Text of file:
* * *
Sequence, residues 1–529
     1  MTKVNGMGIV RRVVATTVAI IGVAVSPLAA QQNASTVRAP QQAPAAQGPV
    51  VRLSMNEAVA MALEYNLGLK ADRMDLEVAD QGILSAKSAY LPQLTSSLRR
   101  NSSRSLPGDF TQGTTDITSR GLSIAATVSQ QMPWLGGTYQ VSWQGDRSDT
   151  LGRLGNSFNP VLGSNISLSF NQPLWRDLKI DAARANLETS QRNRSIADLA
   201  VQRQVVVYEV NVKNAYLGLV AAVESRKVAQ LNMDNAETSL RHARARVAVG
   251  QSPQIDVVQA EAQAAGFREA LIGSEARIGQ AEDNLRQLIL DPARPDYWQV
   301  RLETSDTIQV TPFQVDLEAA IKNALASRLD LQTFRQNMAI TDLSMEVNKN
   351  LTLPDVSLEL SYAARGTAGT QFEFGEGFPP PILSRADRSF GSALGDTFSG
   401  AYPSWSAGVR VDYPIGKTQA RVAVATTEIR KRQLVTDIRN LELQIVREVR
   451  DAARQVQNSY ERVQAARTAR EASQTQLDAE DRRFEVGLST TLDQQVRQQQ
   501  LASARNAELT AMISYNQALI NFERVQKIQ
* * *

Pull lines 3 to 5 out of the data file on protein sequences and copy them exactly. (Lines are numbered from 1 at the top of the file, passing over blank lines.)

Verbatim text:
    51  VRLSMNEAVA MALEYNLGLK ADRMDLEVAD QGILSAKSAY LPQLTSSLRR
   101  NSSRSLPGDF TQGTTDITSR GLSIAATVSQ QMPWLGGTYQ VSWQGDRSDT
   151  LGRLGNSFNP VLGSNISLSF NQPLWRDLKI DAARANLETS QRNRSIADLA